Characteristics and Accommodation of Leaning Disabilities of Nursing Students In Nursing Education

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Leaning Disabilities of Nursing Students In Nursing Education and Their Characteristics and Accommodation

Characteristics and Accommodation of Leaning Disabilities of Nursing Students In Nursing Education

 Nursing Student with a Learning Disability In Nursing Education, Characteristics of Learning Disabilities In Nursing Students, Accommodating Learning Disabilities In Nursing Education for Students.

Nursing Student with a Learning Disability In Nursing Education

    Learning disabilities are the most common type of student disability found on college campuses (National Center for Education Statistics, 2011), with approximately 2% of undergraduates having some form of learning disability (Vickers, 2010). A learning disability is an incurable neurological disorder that interferes with learning in a variety of ways (LD Online, 2015b). 

    Dyslexia, or reading difficulties, is one common form of learning disabilities. Frequently students begin college with undetected learning disabilities. In nursing education learning disabilities are commonly uncovered when faculty notice striking differences between a student's classroom performance and clinical performance. 

    The student may display an adequate knowledge base and competent skills during clinical experiences but be unable to demonstrate the same degree of knowledge when taking tests in the classroom. Such disparities in performance lead to much frustration and stress for the student and, not uncommonly, academic failure. 

    Faculty should have an understanding of the characteristics of learning disabilities so they can refer students to the university or college office that works with students with various disabilities.

Characteristics of Learning Disabilities In Nursing Students

    Learning disabilities may manifest as a number of characteristics, each requiring different treatment and accommodation. Students with learning disabilities may have difficulty following verbal instructions and difficulty organizing ideas in writing, or may be unable to articulate ideas orally but be able to articulate them in writing. 

    Students may also have auditory processing deficits that affect their ability to recite from memory (Kamhi, 2011). Time management may also be a problem for these students (Child & Langford, 2011). Learning disabilities are highly individualized and each student manifests a different grouping of characteristics.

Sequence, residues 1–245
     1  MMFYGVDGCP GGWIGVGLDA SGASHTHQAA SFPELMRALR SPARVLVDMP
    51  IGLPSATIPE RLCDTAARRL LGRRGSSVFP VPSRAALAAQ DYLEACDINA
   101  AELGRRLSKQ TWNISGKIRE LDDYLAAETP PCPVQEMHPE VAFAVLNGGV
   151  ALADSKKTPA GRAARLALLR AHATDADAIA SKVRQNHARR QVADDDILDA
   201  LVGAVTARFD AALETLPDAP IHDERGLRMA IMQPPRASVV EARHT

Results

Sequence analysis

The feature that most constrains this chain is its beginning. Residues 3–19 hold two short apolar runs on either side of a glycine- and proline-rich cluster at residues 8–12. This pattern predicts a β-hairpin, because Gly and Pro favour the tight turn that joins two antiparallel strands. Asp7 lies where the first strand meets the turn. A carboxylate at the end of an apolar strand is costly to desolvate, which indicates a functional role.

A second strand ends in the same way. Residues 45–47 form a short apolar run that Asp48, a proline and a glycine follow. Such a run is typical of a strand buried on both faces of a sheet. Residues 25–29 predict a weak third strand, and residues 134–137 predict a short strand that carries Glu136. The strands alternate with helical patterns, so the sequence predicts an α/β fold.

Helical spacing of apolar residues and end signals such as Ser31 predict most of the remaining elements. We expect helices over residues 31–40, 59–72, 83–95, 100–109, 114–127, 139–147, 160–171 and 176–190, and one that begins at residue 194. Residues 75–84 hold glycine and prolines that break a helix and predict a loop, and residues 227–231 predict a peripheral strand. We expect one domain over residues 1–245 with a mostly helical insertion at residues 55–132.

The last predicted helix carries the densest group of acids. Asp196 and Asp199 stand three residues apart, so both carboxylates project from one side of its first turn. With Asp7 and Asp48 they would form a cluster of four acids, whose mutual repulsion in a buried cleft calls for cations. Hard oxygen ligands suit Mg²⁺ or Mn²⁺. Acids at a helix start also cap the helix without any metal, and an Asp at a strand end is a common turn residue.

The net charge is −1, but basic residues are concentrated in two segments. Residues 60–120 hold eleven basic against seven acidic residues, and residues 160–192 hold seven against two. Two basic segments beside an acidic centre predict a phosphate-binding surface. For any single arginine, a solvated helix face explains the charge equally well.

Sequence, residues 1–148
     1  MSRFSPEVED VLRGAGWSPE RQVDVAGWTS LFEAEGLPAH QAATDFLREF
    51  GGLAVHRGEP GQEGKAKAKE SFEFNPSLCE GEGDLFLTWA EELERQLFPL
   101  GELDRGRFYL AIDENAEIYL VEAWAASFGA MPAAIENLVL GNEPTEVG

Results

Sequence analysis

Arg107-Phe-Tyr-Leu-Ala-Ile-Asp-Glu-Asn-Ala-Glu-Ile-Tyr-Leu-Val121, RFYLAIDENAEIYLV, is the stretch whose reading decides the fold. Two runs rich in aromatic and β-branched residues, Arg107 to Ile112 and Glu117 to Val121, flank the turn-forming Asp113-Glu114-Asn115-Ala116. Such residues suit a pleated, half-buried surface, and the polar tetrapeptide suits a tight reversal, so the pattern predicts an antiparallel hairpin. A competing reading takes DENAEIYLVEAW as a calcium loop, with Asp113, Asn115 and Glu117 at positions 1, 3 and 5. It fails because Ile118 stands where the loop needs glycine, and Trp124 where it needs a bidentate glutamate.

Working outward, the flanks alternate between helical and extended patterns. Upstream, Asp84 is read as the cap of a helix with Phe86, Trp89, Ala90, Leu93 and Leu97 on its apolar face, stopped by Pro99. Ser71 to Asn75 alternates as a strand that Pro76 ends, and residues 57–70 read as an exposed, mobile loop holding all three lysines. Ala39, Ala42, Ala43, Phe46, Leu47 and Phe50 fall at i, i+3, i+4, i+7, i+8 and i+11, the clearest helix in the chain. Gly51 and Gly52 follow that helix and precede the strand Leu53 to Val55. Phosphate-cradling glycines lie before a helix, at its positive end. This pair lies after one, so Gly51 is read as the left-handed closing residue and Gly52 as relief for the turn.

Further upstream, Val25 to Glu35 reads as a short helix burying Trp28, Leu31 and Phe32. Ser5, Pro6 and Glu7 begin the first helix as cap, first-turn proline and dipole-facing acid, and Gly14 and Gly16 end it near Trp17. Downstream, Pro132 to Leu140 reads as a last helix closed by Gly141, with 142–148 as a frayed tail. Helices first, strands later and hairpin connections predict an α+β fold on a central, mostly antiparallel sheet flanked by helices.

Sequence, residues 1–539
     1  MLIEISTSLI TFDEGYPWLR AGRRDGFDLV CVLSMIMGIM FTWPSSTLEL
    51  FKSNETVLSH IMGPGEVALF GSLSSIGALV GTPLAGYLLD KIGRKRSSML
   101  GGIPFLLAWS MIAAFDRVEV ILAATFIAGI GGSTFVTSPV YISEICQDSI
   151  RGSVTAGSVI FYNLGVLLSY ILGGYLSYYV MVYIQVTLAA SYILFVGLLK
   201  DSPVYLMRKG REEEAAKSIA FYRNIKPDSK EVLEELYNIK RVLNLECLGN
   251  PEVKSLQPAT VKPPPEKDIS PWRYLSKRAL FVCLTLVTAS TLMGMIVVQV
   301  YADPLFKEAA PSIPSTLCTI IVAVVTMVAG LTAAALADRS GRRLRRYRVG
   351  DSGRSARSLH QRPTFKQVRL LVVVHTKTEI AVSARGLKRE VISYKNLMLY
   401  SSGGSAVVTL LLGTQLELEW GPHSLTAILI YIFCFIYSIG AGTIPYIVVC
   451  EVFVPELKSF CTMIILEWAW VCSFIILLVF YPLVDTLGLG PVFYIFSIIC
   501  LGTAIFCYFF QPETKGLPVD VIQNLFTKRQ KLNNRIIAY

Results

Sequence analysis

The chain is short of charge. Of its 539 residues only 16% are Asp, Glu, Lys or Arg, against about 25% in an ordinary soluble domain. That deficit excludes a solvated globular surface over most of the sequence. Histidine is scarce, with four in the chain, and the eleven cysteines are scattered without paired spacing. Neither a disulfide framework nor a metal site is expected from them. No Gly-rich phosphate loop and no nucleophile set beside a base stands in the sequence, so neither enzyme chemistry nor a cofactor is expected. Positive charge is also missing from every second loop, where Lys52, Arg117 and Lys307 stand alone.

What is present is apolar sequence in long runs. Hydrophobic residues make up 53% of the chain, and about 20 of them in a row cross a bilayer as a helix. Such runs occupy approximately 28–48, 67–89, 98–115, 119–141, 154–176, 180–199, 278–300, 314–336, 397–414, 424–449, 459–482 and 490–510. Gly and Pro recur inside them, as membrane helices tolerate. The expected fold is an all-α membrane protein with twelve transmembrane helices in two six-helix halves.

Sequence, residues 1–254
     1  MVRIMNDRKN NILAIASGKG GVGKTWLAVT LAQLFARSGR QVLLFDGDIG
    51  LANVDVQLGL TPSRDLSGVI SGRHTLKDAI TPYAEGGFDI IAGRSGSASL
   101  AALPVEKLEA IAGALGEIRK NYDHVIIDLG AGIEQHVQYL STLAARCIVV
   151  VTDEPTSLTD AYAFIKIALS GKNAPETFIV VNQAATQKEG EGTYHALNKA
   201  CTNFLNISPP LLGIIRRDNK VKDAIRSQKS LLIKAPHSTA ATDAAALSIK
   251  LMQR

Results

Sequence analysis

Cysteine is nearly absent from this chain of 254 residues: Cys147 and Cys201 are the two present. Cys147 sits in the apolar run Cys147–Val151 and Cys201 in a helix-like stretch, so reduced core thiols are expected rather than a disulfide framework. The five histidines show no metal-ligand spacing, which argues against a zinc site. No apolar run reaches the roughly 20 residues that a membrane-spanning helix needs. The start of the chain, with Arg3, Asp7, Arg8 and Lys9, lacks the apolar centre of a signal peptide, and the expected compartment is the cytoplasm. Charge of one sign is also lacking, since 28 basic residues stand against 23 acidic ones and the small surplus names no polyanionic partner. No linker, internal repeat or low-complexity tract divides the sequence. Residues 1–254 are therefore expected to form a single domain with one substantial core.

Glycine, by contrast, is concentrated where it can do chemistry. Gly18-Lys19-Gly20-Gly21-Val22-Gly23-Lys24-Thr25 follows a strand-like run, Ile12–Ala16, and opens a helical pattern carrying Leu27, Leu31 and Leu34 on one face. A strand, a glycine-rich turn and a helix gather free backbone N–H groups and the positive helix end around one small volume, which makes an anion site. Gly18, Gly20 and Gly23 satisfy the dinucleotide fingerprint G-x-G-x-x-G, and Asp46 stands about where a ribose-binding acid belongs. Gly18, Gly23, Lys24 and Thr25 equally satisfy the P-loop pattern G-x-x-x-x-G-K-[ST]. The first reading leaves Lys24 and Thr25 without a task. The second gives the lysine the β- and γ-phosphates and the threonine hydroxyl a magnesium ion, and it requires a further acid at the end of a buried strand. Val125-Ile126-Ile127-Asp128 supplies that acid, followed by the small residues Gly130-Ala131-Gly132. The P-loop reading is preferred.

Some students without learning disabilities may experience the same difficulties as those with learning disabilities. In one study, Wray, Aspland, Taghzouit , Pace, and Harrison (2012) screened 242 British preregistration students using the Adult Dyslexia Checklist. Results showed that 28.5% of the sample achieved a score possibly indicative of a learning disability. 

    Of those students who underwent further evaluation, six students were shown not to have a learning disability. Being accurately diagnosed with a learning disability means students can make adjustments in their study habits and receive support. Using a semi-structured questionnaire, Ridley (2011) interviewed seven British students who were diagnosed with dyslexia. 

    Students stated that once diagnosed, they could take action to cope with the diagnosis. They also recognized the need to make sure they didn't make errors and took steps to overcome their limitations and be successful in the clinical environment. 

    Students expressed some anxiety about disclosing their dyslexia to others. Support, which was sometimes difficult to get, was critical to their successfully meeting the academic standards.

    In another study, Sanderson-Mann, Wharrad , and McCandless (2012) compared the clinical experiences of students with dyslexia to those without. Students with dyslexia rated reading and writing on patients' charts, using care plans, and following a set of instructions more difficult than those without dyslexia. 

    However, such tasks as changing shift reports, drug calculations, and time management were difficult for all students (Sanderson-Mann et al., 2012).Evans (2014a) investigated how nursing students with dyslexia construct their identities. Twelve students enrolled in Irish nursing programs were interviewed. 

    Students reported varying feelings regarding their dyslexia, including embracing their identity or having conflicting feelings. Some stated they had experienced being considered stupid by others. Students didn't want their dyslexia to be used as an excuse for poor performance and recognized the need to uphold standards. 

    In another study, Evans (2014b) interviewed 19 nursing educators (lecturers) from two schools in Ireland using vignettes depicting students with various learning disabilities. Themes emerged related to faculty perceptions of students with learning disabilities. Lecturers stated that if students needed support in getting the work done, the students might be viewed as less capable.